Friday, October 28, 2016


1. Our old pal Peter Bebergal - author of the essential Season of the Witch: How the Occult Saved Rock and Roll (Canadians buy here) - has just had an article about the Rosicrucians published in The New Yorker. It begins:
In the early seventeenth century, a series of anonymous pamphlets were published in Germany, announcing the existence of the Fraternity of the Rosy Cross, a fellowship of mystics and alchemists who, it was claimed, were working in secret to transform European politics and religion. The first of the pamphlets, which were later called the Rosicrucian manifestos, was the “Fama Fraternitatis Rosae Crucis,” and it described a figure called C.R., who learned of magic and alchemy as he travelled through the Orient, two hundred years earlier, and then returned to Europe to share his new knowledge. A second pamphlet, “Confessio Fraternitatis,” appeared not long afterward, laying out the purpose and intentions of the fellowship and inviting others into the brotherhood, where they would “find more wonderful secrets by us then heretofore they did attain.” (This quote is taken from Thomas Vaughan’s translation of the manifestos, republished by Ouroboros Press in 2012.) These secrets would be revealed, the pamphlet explains, but only to a few, at first; in the meantime, they would be “declared in figures and pictures” that would one day become more widely understood. In 1616, a third document, “The Chymical Wedding of Christian Rosenkreutz,” appeared. “Rosenkreutz” is a German play on “Rosy Cross,” and seemed to be the mysterious C.R. of the “Fama.” 
In her landmark book “The Rosicrucian Enlightenment,” published in 1972, the historian Frances Yates concluded that the Fraternity of the Rosy Cross did not actually exist—but she also argued that the documents had helped to prompt a new way of thinking about the world, one that not only attempted to “penetrate to deep levels of religious experience” but inspired investigations in science and math as well.* This legacy had been obscured, she wrote, because “the advancing scientific revolution” was “eager to cast off the chrysalis out of which it [was] emerging.” Over the centuries, the Rosicrucian myth became the ur-legend for tales of shadowy groups using magic to alter the course of history. It influenced a number of nineteenth- and twentieth-century magical and mystical Christian orders, some of which claimed to have a direct lineage with the Rosicrucians. (Even Freemasons have claimed an early link to the group.) And the central idea of the manifestos—that through the application of magic and alchemy we might learn that we are a microcosm of the divine—helped to shape, along with Hermeticism, the occult imagination.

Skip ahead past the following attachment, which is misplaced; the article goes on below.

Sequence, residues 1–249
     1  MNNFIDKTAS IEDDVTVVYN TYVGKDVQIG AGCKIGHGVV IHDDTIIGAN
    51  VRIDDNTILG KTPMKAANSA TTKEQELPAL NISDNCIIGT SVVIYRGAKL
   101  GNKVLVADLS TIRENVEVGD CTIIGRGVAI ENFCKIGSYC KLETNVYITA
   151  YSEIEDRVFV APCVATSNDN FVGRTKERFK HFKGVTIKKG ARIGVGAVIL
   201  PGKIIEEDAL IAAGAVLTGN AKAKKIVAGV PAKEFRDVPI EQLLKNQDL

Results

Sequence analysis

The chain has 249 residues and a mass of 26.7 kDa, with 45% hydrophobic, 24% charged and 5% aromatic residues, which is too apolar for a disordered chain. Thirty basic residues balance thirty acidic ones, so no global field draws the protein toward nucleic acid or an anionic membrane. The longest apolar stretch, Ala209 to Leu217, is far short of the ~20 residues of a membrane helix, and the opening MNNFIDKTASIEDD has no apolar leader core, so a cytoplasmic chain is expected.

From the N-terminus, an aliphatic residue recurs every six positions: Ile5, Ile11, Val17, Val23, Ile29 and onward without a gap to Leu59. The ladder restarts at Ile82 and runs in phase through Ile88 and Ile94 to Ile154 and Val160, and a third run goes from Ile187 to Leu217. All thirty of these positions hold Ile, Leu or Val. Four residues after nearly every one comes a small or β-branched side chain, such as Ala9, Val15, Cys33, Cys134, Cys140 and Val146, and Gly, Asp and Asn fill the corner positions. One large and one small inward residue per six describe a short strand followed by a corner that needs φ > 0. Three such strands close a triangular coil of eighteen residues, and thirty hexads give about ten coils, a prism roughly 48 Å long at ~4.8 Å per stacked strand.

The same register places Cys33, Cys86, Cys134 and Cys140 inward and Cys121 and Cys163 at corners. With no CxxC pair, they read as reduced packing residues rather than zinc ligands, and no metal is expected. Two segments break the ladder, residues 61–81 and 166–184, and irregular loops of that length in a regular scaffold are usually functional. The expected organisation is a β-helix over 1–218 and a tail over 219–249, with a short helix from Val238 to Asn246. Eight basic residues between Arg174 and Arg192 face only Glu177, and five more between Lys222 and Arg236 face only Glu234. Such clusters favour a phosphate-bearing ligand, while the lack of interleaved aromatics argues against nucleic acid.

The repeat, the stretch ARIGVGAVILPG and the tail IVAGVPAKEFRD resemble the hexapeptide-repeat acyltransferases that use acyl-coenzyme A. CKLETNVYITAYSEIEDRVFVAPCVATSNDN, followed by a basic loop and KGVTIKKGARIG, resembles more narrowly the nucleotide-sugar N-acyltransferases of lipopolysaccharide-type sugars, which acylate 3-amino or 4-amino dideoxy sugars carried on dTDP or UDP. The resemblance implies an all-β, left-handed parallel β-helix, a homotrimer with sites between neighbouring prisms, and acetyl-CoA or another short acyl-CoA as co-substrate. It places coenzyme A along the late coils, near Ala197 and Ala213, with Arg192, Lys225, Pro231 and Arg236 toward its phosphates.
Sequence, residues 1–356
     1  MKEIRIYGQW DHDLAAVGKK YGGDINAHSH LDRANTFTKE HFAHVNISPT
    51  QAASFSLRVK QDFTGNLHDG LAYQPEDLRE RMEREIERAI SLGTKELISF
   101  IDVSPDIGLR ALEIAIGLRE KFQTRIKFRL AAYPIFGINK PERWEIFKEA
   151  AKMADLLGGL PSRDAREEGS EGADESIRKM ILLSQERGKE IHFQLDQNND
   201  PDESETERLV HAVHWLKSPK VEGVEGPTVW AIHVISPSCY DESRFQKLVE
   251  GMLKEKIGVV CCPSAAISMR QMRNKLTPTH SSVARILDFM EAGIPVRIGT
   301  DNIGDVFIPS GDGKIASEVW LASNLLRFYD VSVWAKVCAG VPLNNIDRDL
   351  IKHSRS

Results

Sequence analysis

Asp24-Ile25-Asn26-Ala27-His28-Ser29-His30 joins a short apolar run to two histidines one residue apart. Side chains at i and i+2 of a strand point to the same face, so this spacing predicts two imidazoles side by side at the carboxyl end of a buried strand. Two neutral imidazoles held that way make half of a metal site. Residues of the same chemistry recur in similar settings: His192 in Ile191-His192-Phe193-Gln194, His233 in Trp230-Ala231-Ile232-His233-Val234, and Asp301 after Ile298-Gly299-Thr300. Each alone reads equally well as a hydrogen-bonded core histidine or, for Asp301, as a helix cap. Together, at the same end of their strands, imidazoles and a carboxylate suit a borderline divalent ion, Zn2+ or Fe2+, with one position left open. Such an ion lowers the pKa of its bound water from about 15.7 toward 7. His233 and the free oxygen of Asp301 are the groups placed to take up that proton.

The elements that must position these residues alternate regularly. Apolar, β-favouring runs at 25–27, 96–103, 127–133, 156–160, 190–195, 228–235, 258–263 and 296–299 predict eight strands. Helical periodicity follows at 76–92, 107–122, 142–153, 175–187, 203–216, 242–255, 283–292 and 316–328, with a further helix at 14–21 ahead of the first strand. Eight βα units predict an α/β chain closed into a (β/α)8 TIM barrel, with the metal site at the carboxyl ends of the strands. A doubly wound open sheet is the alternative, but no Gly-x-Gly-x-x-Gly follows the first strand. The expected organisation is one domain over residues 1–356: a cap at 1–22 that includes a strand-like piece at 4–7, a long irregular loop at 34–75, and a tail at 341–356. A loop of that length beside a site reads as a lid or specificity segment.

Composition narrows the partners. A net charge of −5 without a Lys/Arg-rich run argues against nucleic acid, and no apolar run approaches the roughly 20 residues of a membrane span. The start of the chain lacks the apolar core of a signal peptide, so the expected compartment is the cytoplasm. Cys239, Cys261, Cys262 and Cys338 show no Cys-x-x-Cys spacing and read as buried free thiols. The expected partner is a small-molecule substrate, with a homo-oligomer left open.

In the centuries since, that tradition has informed the work of many artists and writers, among them the novelist and screenwriter John Crowley, now seventy-three...
And that's where things get interesting... or disappointing, depending on how much credence you've been giving those weird adverts featuring robe-bedecked figures shooting beams from their eyes that used to run in the back pages of Popular Science Magazine. Regardless, congratulations are once again due to Mr. Bebergal, who is fast becoming one of the DDD's favorite writers on the contemporary Pop Occulture beat!

2. One of the most paradoxically lovable hate-spewing right-wing lunatics of the post-war period in America has moved on to his eternal reward. Yes friends, it is with heavy heart that yer old pal Jerky announces the death of Jack Chick, paterfamilias of the Chick Tract Empire. You know Chick Tracts, don't you? They're those charmingly rough-hewn (and occasionally quite competent) miniature free comic books left in libraries, at subway stops, in restaurant booths, and other public places by practitioners of low-impact evangelical proselytism, tiny screeds bent on enlightening the secular-humanist-indoctrinated masses to the terrible truths about such topics as drugs and alcohol, abortion, homosexuality, Darwinian evolution, rock and roll, and... Dungeons & Dragons?! And, oh yeah, Roman Catholics, Muslims and Jews, natch! Fortunately, Jack's legacy lives on in the form of this immaculately organized online archive of his tracts.

3. And finally for today, I bring you a collection of animations created by Monty Python's sole American alumnus, Terry Gilliam, for the landmark britcom classic Monty Python and the Holy Grail, that went unused. Some of these are gorgeous, and I find them to be extremely inspiring, so why not share the wealth? Enjoy!


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